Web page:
On my way to work every day I pass through the W4th St. subway station in New York, where I walk by an installation of Gatorade advertisements. These images depict real athletes as they live some athletic moment of truth. This campaign accompanies Gatorade’s evolved design – a blocky “G” with a lightning bolt superimposed, and block CAPS on labels that scream messages that could have been written by my high-school gym teacher:
They’re DARING you to drink it. You can’t measure up! Why are you even trying?
This bit of brand aggression suggests that Gatorade is seriousness and performance and results in a bottle, and by drinking it you’ll be about performance and results too.
But Gatorade has become just as aspirational as its target customer – both striving hard for health and performance that the product won’t deliver. The drinks pack 50 to 310 calories per serving, and are carbohydrate, sugar, and sodium rich. It’s angling to be tastier than water, healthier than a soft drink, using health, performance and testosterone as a wrapper.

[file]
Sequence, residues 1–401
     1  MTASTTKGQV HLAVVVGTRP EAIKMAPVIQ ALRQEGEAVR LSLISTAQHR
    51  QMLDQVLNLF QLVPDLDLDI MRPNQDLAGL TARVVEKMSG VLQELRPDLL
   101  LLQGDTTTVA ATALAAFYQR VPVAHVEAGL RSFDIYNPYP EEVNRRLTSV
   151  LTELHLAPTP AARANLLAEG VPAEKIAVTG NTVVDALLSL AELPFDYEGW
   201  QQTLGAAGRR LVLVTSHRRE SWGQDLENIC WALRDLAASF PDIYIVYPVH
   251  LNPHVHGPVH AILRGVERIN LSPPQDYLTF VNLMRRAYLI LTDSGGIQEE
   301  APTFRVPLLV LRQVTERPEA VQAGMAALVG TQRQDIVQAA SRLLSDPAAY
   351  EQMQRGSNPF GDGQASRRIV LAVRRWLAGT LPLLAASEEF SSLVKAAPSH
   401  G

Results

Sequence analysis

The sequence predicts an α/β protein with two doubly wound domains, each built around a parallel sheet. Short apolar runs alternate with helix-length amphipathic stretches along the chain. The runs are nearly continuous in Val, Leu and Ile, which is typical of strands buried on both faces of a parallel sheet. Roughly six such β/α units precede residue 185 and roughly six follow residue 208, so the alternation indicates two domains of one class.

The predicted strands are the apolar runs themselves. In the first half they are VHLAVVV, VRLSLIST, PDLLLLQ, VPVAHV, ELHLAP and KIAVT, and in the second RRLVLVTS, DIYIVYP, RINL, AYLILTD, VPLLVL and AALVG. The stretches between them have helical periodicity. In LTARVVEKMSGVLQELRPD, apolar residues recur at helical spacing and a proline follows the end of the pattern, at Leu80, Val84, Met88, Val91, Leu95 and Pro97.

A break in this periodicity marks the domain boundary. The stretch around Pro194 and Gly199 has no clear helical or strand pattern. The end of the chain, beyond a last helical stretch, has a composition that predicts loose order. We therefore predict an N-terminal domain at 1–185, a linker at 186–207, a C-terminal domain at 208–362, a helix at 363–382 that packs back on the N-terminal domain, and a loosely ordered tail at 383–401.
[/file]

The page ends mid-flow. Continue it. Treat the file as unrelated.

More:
It shows how design, communications, and even product development can become disconnected from the needs of the business and consumer:
Companies need to find, capture, and grow sources of revenue.
Consumers need something that appeals to taste and is healthy. They’re smarter about what they eat, interested in wellness, are better informed, and will ultimately see through claims that aren’t genuine.
The world at large needs better and easier ways to achieve a healthier reality.
There must be a sweet spot between what the world requires, and what Pepsi has to achieve as a business, that doesn’t require re-skinning Gatorade as something it’s not. To do it, business and brand have to lead what’s innovated, designed, and ultimately communicated.
Imagine the customer loyalty and affinity that could come, and the impact on sport, wellness, and overall public health were someone to innovate for the results that advertising in the health drink category promises…